Archive for August, 2011

My kind of franchise

For over a year now I’ve been thinking about a TV series “franchise”, but a conversation about it I had with JBQ today made me decide to write about it. I hope some TV exec reads about it, likes it, and materialize it — given enough funds.

The idea is to have five one-hour TV series (Mon to Fri), 12 episodes per season each, for 3 seasons (hard deadlines and concrete stories, no fillers). The year is somewhere around 2230.

Series 1: Takes place on Earth. The old country tries to hold together both the planet, its colonies, its corporations, and a new (perceived) enemy for human kind: the transcending to complete cyber entities.
Series 2: Takes place in orbit, between a space station that it fights to not get out of commission, and a space Elevator. The two compete as to which one will be the main hub for commerce and supplies.
Series 3: Takes place on the Moon, on a mining colony. It’s the oldest space colony, out of fashion, and therefore it doesn’t get enough favors from Earth’s government.
Series 4: Takes place on Mars. The machinations and politics of a colony of 250k people trying to gain independence.
Series 5: Takes place on Io. The orbiting spaceship and research colony on the surface are on the farthest reach in our solar system, almost forgotten, but they hold an ace on their sleeve regarding the next big step of the human kind.

Each series will have its own storyline and characters, but the bigger issues will be inter-connecting, as everything usually is when it comes to politics. Every episode title would also include the date, so future viewers can find the correct order of how to view all 5 series in a way that it’s most satisfying and logical. In terms of atmosphere I’d gun for something between the third season of Babylon 5, LOST, and SGU. Many different topics would have to be explored, including genetics and eugenics, the role of politics, corporations and military in any decision made and how this affects everyone, what it means to be human etc, etc.

I want to challenge my viewers. For example, when one decision is made by some figure of authority, which might be the correct decision for his/her people, it might have devastating consequences for the people of the other series. In politics, often there is no black and white, and usually what’s good for one country it might be bad for another (e.g. lobbying on keeping low wages for Haitians in order to keep having cheap Levi’s in the US). I want people to think about these things, and such TV series can help with that if done right.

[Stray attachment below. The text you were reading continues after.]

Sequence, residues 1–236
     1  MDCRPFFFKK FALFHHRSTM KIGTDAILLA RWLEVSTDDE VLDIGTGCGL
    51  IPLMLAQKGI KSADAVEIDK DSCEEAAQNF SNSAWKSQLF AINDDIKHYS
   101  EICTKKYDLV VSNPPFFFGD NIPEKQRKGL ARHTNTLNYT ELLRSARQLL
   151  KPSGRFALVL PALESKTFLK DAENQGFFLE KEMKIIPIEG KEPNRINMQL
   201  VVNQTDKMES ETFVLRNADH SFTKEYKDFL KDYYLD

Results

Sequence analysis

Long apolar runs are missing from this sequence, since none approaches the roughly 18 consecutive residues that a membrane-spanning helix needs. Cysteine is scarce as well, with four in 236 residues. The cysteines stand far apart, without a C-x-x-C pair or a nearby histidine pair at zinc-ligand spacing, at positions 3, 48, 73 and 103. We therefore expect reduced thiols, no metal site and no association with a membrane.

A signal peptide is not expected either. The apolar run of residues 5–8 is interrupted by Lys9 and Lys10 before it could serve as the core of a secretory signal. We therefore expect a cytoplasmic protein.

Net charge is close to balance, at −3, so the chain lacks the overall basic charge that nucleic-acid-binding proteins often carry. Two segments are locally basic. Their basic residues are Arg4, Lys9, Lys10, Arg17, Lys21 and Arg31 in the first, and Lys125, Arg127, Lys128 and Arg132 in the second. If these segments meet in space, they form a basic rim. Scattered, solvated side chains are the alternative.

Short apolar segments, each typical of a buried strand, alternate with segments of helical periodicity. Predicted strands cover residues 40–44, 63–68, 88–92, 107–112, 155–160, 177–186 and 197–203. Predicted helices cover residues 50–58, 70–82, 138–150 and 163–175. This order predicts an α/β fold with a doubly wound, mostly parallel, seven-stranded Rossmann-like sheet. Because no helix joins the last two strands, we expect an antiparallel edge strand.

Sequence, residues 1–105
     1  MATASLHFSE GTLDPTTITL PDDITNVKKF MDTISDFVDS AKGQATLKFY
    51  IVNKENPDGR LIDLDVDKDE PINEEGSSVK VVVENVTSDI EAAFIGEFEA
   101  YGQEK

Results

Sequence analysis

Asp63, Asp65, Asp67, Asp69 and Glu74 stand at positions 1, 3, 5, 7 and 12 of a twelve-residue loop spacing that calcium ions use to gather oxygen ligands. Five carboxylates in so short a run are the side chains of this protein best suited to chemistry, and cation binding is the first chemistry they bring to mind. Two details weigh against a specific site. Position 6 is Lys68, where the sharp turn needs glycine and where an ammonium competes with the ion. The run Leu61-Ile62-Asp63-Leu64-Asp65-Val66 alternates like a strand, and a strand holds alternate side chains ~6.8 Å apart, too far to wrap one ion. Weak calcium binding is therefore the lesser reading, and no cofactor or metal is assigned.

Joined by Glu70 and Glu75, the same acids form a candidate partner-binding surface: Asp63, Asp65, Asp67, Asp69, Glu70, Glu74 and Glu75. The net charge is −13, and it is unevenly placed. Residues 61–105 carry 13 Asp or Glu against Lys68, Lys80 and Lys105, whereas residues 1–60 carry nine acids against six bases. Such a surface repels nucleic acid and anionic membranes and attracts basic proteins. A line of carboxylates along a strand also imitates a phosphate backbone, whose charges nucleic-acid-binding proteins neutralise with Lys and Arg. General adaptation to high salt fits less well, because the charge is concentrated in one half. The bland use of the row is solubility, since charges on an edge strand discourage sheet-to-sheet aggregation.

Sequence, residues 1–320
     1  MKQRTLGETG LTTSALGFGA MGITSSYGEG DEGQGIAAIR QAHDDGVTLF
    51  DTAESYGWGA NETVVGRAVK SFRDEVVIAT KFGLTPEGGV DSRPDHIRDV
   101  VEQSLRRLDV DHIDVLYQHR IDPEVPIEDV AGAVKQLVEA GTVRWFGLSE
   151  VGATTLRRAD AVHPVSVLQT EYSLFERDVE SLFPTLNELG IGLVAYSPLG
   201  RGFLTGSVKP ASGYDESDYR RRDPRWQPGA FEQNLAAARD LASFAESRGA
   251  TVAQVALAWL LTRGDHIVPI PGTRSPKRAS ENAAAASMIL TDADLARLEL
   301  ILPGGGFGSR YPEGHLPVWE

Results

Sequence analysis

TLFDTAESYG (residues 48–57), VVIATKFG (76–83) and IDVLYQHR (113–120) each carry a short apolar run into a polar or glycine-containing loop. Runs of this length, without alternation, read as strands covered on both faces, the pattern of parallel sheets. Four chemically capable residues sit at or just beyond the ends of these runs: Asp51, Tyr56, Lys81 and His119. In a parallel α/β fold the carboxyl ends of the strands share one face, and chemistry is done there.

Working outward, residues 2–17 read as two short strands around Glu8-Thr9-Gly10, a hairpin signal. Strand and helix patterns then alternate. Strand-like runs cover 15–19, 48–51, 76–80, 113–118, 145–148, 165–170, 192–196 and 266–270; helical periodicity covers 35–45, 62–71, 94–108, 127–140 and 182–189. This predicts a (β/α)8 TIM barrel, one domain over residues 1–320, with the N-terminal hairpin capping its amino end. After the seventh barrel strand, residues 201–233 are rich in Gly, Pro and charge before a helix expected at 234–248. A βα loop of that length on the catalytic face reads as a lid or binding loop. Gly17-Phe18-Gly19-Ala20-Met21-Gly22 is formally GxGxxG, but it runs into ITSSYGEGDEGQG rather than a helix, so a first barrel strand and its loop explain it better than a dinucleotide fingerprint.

At the very end of the series, I’d like to show what sacrifices must be done, what alliances, destruction, and even… DNA changes must happen to get to that next step of the human kind: the new ability to create stable wormholes, and explore & colonize the galaxy. But this won’t come cheap. I can promise this much.

Update, 5th Oct 2013: Production-wise it’d probably be overwhelming to have that many series with interconnecting characters and storylines, where everything has to check out between all of them. I think that 3 series, with 8 episodes each, for 3 seasons, is a much more realistic goal: Earth + space station, Moon + freighters, Mars + Io.

A smart way to emulate the “flashbacks” from LOST would be to show in one of the series that something happened on the other, but without knowing the details, until that series goes live a few weeks later. For example, in a videoconferencing with Moon taking place in the Earth series, it’s mentioned that 5 people died, one of them high ranking. But only when the Moon series goes on air, we find what happened, and who exactly died. Or, we could have a main character officially quit, or arrested, but again, we won’t know what happened, until we see their point of view a few weeks later.

So basically, the storylines can intertwine in a smart fashion to create suspense, mystery, and a believable universe where every decision or action in one place, can affect other places, so far away.

Another thing to mention is that I’d expect a huge cast for each series, not the usual 6-8 characters per show, but more like 8 main characters, plus another 30-40 recurring ones (plus guest stars from the other series, when the storyline warrants it). Kind of like LOST, that is. It’d be a complex, deep show, but that’s exactly its beauty.

Finally, for all this to work as intended, the story must be worked out from the very beginning. Not made as they go along, but rather, most details have to be worked out from the beginning of the whole story until its end — before filming even starts! The studio must guarantee these 3 seasons for each series (72 episodes overall).

The Moon

The moon last night, captured by my husband’s telescope and my Canon SX200 IS digicam (shot handheld, through the eyepiece).

Licensed under the Creative Commons Attribution 3.0/US.

The David Bowie of cats

A male cat in our neighborhood, in Greece